Getting Waisted: Modern Day Victorians

Getting Waisted: Modern Day Victorians

Brittany Le, Copy Editor

The practice of Waist Training, which relies on using a steel-boned corset for body modification, is controversial. Waist Trainers are currently used for cosmetic reasons to achieve a smaller waistline, or for orthopedic reasons to correct a crooked spine. This practice dates back to the Victorian Era.

In the later years of the Victorian Era , medical reports and rumors claimed that tightlacing – a more extreme version of Waist Training – was fatal. As a result of this, women who suffered to achieve small waists were condemned for their vanity and criticized by their peers as being slaves to fashion. This controversy also exists today as Waist Training is appearing everywhere and is endorsed by celebrities.

“An hourglass shape is highly desired in the world of fashion,” says Ms. Matella, a fashion teacher at Wellington High School.

Celebrities such as Kim Kardashian have displayed their interest in waist training through social media, saying she’s “really obsessed with waist training”, on her Instagram account.  Her endorsement can be found on magazines, on television, and  on online  articles demonstrating the power a media celebrity like Kim Kardashian can have on the public. Other waist training advocates include Khloe Kardashian, Snooki, Beyonce, Jessica Alba, Scarlett Johansson, Amber Rose, and Gwyneth Paltrow.

Some students are a bit more skeptical of waist training.

“I personally don’t like the idea of waist training, but as I am not the one changing my body, it’s not my call. Your body is your body, and you can do with it what you like. Don’t use a waist trainer because you feel pressure from the media, other women, or men; if you insist on doing it, then make sure it’s for YOU, and no one else. Again, you don’t need an hourglass figure to be beautiful,” Andrew Siegel, senior, said.

In the early 1900s, the tiny corsets began to fall out of fashion. The feminist and dress reform movements had made comfortable clothing more acceptable. The rise of the Artistic Dress Movement made loose fitted clothing and the natural waist fashionable in many parts of the world that had practiced with Waist Training Corsets.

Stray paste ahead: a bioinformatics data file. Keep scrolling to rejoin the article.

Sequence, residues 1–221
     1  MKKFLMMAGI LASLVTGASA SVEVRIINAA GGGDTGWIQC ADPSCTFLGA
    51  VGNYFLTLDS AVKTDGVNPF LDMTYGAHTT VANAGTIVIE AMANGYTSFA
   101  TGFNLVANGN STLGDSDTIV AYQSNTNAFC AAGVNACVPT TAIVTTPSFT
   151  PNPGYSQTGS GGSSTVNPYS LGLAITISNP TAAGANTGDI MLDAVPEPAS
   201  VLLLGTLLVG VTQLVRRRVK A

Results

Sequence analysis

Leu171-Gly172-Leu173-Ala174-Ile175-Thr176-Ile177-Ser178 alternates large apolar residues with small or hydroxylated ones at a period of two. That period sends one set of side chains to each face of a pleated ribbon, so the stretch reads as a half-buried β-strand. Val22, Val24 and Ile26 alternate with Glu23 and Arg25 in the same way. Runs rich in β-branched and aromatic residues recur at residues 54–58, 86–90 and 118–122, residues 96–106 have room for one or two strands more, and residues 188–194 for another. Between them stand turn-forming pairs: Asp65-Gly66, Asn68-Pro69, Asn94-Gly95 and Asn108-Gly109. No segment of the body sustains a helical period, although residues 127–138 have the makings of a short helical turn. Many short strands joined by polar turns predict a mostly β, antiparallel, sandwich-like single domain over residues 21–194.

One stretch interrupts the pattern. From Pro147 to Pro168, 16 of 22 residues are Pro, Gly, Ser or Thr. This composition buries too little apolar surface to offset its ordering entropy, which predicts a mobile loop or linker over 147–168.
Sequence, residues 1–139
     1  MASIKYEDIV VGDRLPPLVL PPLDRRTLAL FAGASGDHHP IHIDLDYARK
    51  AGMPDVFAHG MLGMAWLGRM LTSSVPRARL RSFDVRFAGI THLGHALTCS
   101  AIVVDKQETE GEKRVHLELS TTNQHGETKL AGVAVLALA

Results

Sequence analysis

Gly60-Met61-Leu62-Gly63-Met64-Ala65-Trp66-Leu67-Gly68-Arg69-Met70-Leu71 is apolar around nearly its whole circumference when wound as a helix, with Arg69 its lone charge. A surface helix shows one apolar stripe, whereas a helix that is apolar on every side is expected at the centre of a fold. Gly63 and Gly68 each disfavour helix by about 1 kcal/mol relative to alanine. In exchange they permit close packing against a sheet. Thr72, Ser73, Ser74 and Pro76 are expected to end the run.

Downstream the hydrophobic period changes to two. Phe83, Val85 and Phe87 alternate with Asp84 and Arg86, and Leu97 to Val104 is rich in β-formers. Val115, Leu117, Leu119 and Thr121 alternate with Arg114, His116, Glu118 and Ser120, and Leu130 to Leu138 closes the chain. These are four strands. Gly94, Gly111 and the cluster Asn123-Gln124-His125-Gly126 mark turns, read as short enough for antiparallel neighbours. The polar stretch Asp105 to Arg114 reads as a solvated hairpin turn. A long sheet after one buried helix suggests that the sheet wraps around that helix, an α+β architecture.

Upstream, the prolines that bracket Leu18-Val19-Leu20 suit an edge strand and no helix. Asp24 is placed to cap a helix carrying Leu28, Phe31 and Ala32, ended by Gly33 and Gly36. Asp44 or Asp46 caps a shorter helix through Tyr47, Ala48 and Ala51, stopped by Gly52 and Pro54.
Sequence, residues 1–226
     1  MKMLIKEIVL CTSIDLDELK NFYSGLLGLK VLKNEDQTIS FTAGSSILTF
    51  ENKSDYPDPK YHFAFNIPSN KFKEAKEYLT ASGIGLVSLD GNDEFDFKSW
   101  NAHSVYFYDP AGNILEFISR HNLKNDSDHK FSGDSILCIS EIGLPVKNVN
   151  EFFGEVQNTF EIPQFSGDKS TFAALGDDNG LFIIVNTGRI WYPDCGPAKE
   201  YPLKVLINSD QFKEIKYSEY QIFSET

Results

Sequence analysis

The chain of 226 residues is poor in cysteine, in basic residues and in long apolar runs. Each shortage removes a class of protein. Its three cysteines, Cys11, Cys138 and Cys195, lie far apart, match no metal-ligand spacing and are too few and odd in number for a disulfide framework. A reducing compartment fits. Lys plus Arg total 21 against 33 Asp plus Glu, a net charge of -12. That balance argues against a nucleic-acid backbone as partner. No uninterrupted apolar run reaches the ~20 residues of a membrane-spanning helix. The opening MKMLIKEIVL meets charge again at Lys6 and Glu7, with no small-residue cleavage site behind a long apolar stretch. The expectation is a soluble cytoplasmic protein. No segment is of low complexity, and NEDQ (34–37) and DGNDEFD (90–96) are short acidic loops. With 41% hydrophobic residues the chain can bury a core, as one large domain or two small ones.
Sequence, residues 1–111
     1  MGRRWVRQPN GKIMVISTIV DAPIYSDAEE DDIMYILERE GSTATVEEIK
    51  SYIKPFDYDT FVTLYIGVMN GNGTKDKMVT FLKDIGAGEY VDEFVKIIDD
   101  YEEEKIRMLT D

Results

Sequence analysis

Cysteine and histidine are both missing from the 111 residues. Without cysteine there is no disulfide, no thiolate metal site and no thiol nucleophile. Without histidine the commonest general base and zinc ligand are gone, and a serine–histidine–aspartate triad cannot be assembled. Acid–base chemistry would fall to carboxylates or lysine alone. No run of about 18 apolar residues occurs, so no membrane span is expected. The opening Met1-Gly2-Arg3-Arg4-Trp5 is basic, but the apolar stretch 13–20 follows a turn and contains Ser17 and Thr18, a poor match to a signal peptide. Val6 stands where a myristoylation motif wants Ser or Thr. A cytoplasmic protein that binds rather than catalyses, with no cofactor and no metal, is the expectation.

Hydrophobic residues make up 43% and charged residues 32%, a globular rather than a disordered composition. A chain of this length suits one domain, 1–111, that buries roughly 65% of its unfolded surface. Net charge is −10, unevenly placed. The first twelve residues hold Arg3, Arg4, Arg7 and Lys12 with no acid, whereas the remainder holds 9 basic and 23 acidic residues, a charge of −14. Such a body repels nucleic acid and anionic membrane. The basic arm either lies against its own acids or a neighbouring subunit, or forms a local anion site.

Couture Designers like Fortuny and Poiret designed the brassiere and the girdle, promising to give the illusion of an hourglass body without using a Waist Training Corset. Modern day department stores such as Macy’s and JcPenney’s have designed products that promise the same ideal. They call these products “Waist Cinchers” and “Waist Snippers”.

Corsets eventually died out due to bad media, but made a comeback around the late 1990s and early 2000s. The Waist Training corsets have reinvented themselves and given themselves a new name. They are commonly worn for Halloween costumes to create a “sexy” appeal, without the restriction of a true corset.

“Today the boning in a corset is made out of plastic.  Making modern day corsets out of plastic boning allows the garment to fit naturally to the body,” adds Ms. Matella.

Teen stores such as Charlotte Russe, Forever 21, Pac Sun, and Papaya are advocates of “corset bustiers”, an item that exposes a girl’s midriff and gently shapes and tightens the waist, all the while pushing up the bust.

A few stores online such as Etsy and Corset Center sell Waist Trainers for an average of 50 dollars. However, finding Waist Trainers locally isn’t easy. Common department stores such as Macy’s and J.C. Penney’s do not carry the item, but offer an alternative commonly referred to as “spanx”. This garment is worn underneath clothes to smooth out the appearance of the body.

One online store, waisttraining.org, tries their best to influence women to buy their product. By challenging their self – esteem, on their home page, the phrase “Summer is coming. If you don’t start waist training now, you’ll HATE yourself later!” is displayed in bold bright letters. The subtitles go on to say, “Be desired. Be the center of attention. Be the envy of all your friends.”

These words are meant to catch the eye of most webpage visitor, and can incite controversy over the meaning and subliminal message of the phrase. Is this meant to motivate, or to tap into a woman’s self – esteem?